Using Call Put Ratio Charts For Indexes and Components
The call put ratio can often reflect the bullish or bearish views of options traders, with more calls trading indicating bullish sentiment.
Calls represent bullish bets on the underlying and are much more popular in individual stocks than in indexes like SPX. Comparing the call volume to the put volume shows interesting sentiment of retail versus institutional traders especially around highs and lows in the market.
The ratio is often used as a relative measurement to its normal level for symbols. For example, the SPX call volume lagged put volume over much of the time since 2007 averaging only 55% as shown below.
Whereas, the call/put ratio average for the S&P components, as represented by the symbol SPX_C in the ORATS Wheel Chart below, has averaged 150% since 2007.
Recently, with the pouring in of retail traders into the market, many through the trading app Robinhood, calls are outstripping puts by 200% for the average component.
Contrast this with the index SPX. Recently, the SPX call put ratio has been below its long term average until yesterday.
Generally, the SPX represents institutional smart money and the components represent retail traders.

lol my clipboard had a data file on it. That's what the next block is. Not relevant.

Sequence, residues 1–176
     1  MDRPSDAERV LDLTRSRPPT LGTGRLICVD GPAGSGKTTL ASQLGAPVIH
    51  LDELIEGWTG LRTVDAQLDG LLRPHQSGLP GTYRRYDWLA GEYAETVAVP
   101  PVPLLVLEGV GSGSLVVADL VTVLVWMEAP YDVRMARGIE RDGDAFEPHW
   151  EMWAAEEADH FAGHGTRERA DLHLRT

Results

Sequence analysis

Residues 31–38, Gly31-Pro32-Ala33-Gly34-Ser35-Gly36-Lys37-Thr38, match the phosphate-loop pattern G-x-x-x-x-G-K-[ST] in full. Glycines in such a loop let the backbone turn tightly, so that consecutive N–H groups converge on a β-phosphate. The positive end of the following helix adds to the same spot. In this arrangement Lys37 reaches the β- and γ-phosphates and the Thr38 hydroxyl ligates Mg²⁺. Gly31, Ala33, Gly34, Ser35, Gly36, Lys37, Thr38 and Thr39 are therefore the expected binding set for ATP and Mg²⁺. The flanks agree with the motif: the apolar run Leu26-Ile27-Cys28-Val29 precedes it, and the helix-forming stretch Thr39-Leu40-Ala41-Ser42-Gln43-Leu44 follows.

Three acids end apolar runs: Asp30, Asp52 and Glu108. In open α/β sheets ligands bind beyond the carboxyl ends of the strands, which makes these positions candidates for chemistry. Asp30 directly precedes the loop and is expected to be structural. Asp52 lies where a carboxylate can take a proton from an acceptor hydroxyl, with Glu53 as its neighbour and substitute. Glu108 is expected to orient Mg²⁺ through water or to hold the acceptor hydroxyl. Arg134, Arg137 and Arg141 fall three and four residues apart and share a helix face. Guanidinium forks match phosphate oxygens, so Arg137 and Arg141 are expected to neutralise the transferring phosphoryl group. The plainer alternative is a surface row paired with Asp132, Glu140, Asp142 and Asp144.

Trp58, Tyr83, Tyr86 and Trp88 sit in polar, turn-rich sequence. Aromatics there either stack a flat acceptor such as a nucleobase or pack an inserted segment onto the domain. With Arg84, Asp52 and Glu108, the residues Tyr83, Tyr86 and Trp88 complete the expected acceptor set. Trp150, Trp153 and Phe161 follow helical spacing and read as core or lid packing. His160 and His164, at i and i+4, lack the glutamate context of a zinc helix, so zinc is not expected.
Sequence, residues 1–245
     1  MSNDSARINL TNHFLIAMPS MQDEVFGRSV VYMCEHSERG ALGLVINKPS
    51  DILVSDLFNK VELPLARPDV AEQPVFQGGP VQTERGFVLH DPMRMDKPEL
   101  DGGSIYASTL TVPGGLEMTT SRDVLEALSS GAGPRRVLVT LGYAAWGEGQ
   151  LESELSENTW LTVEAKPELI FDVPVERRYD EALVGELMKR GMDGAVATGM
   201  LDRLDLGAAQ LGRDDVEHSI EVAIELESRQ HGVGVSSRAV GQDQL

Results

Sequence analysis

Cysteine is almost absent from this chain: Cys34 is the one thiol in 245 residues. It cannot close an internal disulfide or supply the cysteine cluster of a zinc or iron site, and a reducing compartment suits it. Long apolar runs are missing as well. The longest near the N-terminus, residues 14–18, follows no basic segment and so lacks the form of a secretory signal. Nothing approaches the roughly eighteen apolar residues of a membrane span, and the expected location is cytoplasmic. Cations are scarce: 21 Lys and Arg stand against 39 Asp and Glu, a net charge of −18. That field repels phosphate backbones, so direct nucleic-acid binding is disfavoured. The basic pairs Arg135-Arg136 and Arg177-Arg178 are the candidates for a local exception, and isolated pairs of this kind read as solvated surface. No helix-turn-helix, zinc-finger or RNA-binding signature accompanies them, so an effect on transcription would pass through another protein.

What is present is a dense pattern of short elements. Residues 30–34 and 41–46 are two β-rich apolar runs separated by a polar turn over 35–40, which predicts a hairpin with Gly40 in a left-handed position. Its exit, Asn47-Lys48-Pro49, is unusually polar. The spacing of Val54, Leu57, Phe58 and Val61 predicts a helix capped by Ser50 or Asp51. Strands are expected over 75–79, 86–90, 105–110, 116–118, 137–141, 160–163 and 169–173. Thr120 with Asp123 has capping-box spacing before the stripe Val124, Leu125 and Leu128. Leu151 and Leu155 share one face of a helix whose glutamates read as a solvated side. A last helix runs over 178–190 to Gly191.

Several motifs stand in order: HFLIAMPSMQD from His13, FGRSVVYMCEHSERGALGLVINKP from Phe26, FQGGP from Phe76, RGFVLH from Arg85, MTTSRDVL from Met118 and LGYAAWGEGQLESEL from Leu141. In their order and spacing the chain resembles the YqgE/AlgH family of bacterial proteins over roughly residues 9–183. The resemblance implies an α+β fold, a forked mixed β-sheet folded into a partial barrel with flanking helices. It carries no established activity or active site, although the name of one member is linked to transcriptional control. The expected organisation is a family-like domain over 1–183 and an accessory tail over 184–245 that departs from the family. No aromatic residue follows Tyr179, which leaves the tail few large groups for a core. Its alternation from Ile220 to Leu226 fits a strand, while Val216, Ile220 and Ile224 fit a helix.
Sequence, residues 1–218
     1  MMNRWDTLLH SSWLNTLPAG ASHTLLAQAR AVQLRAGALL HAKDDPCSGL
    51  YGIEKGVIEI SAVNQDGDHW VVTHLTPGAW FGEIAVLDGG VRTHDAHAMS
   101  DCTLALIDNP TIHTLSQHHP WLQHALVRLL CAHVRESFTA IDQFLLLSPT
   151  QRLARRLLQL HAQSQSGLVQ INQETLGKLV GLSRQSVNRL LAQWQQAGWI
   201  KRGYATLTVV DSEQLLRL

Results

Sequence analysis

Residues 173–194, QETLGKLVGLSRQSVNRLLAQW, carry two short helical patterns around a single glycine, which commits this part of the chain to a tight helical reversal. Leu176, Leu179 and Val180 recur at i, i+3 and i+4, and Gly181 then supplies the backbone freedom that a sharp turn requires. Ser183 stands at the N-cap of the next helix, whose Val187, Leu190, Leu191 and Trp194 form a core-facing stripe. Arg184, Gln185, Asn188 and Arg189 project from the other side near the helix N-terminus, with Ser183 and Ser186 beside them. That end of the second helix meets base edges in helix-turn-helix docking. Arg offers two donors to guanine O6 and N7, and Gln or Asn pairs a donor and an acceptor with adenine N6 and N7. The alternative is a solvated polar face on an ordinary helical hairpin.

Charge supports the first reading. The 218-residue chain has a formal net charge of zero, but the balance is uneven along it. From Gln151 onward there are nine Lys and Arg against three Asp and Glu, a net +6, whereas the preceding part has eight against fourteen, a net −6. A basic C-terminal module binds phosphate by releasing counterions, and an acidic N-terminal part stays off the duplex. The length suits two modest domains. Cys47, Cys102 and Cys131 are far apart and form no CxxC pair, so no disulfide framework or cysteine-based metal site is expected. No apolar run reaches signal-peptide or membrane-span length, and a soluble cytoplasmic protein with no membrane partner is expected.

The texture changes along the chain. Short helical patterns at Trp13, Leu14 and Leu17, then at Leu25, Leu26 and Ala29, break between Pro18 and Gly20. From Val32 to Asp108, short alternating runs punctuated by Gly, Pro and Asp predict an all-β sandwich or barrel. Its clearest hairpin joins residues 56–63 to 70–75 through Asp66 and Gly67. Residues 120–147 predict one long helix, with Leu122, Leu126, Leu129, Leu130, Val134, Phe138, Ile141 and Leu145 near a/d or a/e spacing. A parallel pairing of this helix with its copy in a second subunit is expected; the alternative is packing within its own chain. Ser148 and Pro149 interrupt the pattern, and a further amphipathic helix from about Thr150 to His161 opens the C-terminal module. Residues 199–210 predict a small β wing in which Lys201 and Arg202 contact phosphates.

Near the bottom of the Covid crash, the SPX call/put was above its normal 55% hitting 100% a few days after the bottom. More institutional traders were buying calls than normal during this opportune time.
The crash saw the S&P components call/put below its average, only rising to its long term average near the top of the shaped recovery. Retail traders did not get the memo that the bottom was in and were not buying calls in earnest until after the big recovery run up.
Matt Amberson was quoted in the Reuters pointing out this ratio.
The views and opinions expressed herein are the views and opinions of the author and do not necessarily reflect those of Nasdaq, Inc.